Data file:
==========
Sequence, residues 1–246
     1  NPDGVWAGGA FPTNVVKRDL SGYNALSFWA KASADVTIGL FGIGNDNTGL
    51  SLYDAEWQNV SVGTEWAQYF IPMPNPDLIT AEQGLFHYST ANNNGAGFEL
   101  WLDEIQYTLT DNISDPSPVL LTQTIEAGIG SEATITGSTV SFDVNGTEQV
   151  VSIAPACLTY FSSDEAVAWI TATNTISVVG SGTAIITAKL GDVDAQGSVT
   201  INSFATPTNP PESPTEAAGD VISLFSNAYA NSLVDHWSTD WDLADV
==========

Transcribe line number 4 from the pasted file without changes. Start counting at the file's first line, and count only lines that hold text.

   101  WLDEIQYTLT DNISDPSPVL LTQTIEAGIG SEATITGSTV SFDVNGTEQV